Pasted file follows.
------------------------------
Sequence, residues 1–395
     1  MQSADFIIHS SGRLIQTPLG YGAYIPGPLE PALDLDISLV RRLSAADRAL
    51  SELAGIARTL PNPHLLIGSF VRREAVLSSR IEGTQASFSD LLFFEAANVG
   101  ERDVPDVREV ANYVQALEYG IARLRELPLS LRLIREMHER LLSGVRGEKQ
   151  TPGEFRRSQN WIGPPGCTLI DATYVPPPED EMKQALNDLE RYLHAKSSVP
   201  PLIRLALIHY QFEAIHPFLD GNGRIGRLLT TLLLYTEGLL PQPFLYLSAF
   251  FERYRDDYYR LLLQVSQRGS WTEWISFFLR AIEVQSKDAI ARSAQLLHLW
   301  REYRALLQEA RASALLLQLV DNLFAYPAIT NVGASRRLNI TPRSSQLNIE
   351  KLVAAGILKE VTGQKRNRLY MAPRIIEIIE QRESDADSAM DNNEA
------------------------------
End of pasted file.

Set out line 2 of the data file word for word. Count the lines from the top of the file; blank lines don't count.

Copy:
     1  MQSADFIIHS SGRLIQTPLG YGAYIPGPLE PALDLDISLV RRLSAADRAL